The purpose of the current study was to develop an abbreviated version of the Spence Children Anxiety Scale, while retaining the hierarchical structure, and validity of the original scale. The developed short version comprised 19 items, covering all subscales except obsessive-compulsive disorder from the original scale. The SCAS-S showed a very similar factor structure compared to the original scale, and performed as good as the original scale in all aspects of validity of the questionnaire and reliability of scale scores examined in the current study. We did not discover any general loss of validity, when comparing the abbreviated version to the original scale. Thus, examining the balance between loss of validity and time savings for the SCAS-S, with a reduction of 25 item, probably a time-saving of 10–20 min depending on child’s age, this clearly speaks for the SCAS-S in several settings.
When examining the dimensionality of the SCAS-S, we found evidence of multidimensionality. However, the omega hierarchical coefficients for the subscales scores ranged between .24 to .35, which undoubtedly indicate a restriction in the interpretation of the subscale scores as a direct measure of the specific disorder. Although reflecting the specific content to some degree, our analyses showed that all subscales to a larger degree reflected the general factor. Consequently, the implication is that the scores of the total scale could adequately be interpreted as a measure of anxiety, whereas the subscales only very cautiously could be interpreted as measures of the specific disorders. We recommend users of the SCAS-S to mainly use the total scale scores when screening for anxiety, and to use the scores of the subscales mainly as pointers in the process of additional clinical assessment. Further, we administered the SCAS and the SCAS-S by reading the items aloud in order to increase children’s understanding. Consequently, we recommend that clinicians and researchers follow the same administration strategy to not compromise the validity of the questionnaire.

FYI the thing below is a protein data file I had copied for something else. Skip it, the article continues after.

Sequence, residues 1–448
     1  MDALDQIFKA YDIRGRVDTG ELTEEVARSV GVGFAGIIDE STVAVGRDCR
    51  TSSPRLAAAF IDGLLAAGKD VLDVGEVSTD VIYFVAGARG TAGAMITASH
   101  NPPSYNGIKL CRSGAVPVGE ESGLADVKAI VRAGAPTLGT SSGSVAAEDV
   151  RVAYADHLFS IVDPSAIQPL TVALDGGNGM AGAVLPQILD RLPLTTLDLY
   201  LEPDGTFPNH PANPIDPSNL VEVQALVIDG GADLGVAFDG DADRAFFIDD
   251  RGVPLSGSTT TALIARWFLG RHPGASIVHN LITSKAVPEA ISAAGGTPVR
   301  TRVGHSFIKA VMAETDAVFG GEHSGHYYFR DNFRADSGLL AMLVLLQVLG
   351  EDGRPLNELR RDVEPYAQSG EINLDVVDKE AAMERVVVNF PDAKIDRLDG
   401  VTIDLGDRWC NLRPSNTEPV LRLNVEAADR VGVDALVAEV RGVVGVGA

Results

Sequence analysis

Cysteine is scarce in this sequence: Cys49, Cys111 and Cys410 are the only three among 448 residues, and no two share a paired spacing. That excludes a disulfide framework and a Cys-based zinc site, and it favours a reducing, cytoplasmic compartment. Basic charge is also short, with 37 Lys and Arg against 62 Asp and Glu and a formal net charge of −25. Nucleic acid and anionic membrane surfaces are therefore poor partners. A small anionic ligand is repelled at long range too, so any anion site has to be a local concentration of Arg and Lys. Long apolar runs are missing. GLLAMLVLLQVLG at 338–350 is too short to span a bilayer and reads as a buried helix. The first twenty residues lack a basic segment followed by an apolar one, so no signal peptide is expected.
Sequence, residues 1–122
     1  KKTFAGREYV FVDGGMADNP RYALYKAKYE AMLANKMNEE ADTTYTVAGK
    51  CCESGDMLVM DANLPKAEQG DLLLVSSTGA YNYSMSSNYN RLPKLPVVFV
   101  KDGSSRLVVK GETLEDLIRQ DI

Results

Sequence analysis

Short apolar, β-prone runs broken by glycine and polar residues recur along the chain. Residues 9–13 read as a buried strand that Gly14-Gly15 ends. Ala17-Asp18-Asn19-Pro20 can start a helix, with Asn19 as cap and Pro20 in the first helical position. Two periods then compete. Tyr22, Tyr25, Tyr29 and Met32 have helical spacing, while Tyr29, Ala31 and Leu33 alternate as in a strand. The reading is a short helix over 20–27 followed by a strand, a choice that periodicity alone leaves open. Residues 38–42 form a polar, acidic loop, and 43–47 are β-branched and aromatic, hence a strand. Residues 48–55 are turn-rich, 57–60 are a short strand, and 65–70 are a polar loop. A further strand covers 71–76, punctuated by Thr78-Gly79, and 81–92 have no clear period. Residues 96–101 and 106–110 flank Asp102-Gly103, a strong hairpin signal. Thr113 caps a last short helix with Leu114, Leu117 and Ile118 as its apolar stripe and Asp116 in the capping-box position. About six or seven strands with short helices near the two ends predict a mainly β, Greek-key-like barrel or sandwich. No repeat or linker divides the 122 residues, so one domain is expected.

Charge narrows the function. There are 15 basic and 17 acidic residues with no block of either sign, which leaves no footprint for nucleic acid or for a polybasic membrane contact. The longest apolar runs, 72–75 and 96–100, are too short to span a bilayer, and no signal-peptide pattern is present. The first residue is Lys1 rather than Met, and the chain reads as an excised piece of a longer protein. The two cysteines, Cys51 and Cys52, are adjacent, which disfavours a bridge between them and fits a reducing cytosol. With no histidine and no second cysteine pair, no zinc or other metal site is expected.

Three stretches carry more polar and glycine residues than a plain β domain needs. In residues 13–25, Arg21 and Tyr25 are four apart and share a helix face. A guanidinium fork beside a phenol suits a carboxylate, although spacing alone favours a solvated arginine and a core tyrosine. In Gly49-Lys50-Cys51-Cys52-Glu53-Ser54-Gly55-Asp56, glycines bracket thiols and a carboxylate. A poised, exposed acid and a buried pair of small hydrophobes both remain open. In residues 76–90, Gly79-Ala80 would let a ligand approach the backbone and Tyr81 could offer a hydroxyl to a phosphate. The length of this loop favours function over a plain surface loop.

The only item not loading high on both the general factor and the assumed group factor in the SCAS-S was one of the items of the SAD-factor (i.e. fear of embarrassment). Instead it loaded slightly higher on the GAD-factor. A possible explanation could be due to a narrowing of the construct in the item reduction procedure. More specifically, two items very prototypic to social anxiety disorder was not retained in the SCAS-S (e.g. fear of speaking, worry about what other people think). Consequently, the SAD-factor in the SCAS-S might only measure one part of the construct of social anxiety disorder, namely worry regarding school performance. This might have pushed the fear of embarrassment item towards the GAD-factor which contained several forms of worries.
As shown in Table 3, girls reported higher symptoms of anxiety compared to boys. Similar results were found by the author of the SCAS (Spence 1998), and have also been found in evaluations of the SCAS in other countries (e.g. Greece: Mellon and Moutavelis 2007; Japan: Ishikawa et al. 2009; South Africa: Muris et al. 2002b). As recommended by Spence (1998), we also suggest that scores of the SCAS-S are interpreted for girls and boys separately in clinical practice. The age-group-specific factor analyses showed some inconsistencies between the age groups. First, the SP factor was cohesive only in younger children. This might be explained by the fact that fears of darkness, animals etc. are more common in younger ages, and perhaps these items therefore to a larger extent cluster into a common factor. Moreover, the remaining factors (GAD, SAD, SEP, PD) were more cohesive in the older age group, which might be an effect of a more in depth understanding of the item content in older children.